The House of Representatives passed a $1 trillion bipartisan infrastructure plan

The House of Representatives passed a historic $1 trillion infrastructure plan on Friday night and voted to allow formal debates on larger social spending and climate bills, which shows that after months of disagreement between centrists and progressives, President Biden’s agenda has made progress.

The planned final vote on a larger social spending bill was cancelled because a group of moderates — enough to prevent the measure — refused to support it until they made a formal estimate of its economic costs.

The bipartisan vote on the infrastructure bill was approved by 228 votes to 206, indicating that Biden’s agenda urgently needs to show momentum, which suffered a setback due to the deep distrust between the centrists and progressives on Capitol Hill.

After a difficult week for the Democrats, their candidate for governor lost in Virginia, and the frustration over the slowing down of negotiations on Capitol Hill also boiled over. The vote was held on Friday.

After two previous failed attempts to arrange a vote, ordinary members became more and more aware that they needed to advance the bill.

For weeks, progressives have blocked voting on the infrastructure bill as a means to ensure that the Senate takes strong action on the social spending bill. On Friday, progressives agreed to pass the infrastructure bill alone, realizing that if they insist on too much it will bring risks.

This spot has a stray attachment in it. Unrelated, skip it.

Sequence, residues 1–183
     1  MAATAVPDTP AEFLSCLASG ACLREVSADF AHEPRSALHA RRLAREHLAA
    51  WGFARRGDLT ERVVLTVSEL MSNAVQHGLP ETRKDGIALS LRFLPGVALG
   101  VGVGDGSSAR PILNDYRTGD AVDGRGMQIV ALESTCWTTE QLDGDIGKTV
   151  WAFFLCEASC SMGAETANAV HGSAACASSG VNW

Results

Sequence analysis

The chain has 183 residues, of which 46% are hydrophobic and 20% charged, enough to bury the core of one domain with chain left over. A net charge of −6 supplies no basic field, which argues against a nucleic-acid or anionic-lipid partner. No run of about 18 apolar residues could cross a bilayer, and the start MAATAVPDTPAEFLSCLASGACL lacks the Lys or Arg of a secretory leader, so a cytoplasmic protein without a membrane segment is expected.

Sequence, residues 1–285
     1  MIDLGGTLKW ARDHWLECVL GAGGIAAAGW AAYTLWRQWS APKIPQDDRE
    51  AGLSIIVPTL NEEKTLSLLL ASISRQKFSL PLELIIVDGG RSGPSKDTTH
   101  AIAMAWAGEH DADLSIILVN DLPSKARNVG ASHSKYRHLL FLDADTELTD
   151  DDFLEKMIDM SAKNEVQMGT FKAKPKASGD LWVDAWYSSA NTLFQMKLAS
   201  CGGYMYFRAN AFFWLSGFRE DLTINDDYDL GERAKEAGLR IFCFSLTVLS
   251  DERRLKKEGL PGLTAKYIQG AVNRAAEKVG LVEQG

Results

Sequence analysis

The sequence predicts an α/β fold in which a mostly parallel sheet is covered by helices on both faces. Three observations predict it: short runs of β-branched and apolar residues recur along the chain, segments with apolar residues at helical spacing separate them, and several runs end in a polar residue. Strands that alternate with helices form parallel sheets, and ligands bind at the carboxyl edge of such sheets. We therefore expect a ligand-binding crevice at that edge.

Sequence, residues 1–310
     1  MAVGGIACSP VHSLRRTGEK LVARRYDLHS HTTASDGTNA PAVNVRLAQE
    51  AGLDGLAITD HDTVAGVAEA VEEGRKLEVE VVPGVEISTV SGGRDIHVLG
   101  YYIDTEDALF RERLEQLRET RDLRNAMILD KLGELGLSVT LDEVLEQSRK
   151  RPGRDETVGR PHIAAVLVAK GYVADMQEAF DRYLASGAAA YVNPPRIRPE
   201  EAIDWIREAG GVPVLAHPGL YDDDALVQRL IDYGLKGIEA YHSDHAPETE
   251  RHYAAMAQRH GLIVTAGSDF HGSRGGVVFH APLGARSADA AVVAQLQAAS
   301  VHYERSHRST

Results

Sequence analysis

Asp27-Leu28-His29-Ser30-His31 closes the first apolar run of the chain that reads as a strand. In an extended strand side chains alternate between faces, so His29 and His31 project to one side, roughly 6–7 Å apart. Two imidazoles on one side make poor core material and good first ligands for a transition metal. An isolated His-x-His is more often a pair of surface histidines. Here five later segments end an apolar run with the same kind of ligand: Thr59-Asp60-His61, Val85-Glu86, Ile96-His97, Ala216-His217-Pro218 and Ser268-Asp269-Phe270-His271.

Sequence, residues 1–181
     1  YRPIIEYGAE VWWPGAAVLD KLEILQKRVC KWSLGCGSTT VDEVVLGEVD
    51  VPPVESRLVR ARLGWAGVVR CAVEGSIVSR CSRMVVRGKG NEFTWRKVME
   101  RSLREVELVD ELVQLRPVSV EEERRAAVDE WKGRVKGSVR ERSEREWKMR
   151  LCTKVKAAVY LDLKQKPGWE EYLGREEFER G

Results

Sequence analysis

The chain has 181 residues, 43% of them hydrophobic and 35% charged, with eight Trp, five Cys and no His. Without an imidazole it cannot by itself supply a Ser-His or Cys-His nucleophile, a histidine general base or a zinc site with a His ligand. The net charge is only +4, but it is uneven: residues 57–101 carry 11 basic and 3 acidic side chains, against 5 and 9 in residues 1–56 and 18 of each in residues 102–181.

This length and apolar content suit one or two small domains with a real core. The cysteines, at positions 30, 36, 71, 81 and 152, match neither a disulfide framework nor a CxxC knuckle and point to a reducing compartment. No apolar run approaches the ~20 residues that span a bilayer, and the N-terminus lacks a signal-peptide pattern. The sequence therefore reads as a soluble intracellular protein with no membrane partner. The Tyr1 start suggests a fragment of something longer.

“What am I going to do, you know-continue to procrastinate?” Rep. Raul M. Grijalva (Arizona Democrat) said. “For me, the risk of inaction is deeper than the order of votes.”

1 trillion dollar infrastructure bill The Senate approved it in August, Will go to Biden’s desk to sign. A White House spokesperson said on Friday that Biden will sign the agreement.

Infrastructure work began in late March, When Biden announced plans to promote a major plan, None of his predecessors did this.

For months, Biden and Senate Republicans have negotiated a road and bridge plan that allows the president to demonstrate the bipartisan sincerity he supports in his campaign. The bill passed in the Senate with an overwhelming advantage of 69 to 30.

On Friday, 13 House Republicans joined Democrats in supporting the infrastructure bill. Six House Democrats voted against.

Although the infrastructure bill occupies only part of Biden’s agenda, it marks a huge new injection of funds. In the next five years, infrastructure spending will account for about 1.5% of GDP, compared with 1.36% during the New Deal. According to the analysis of the Brookings Institution Data from the Office of Management and Budget.

billing address Extensive infrastructure flaws And will expand the availability of broadband Internet nationwide.

Approximately US$110 billion will be spent on roads, bridges and other major ground transportation projects. Passenger rail will receive 66 billion U.S. dollars, public transportation will receive 39 billion U.S. dollars, and highway and sidewalk safety plans will receive 11 billion U.S. dollars. Approximately $55 billion will be used to expand access to clean drinking water.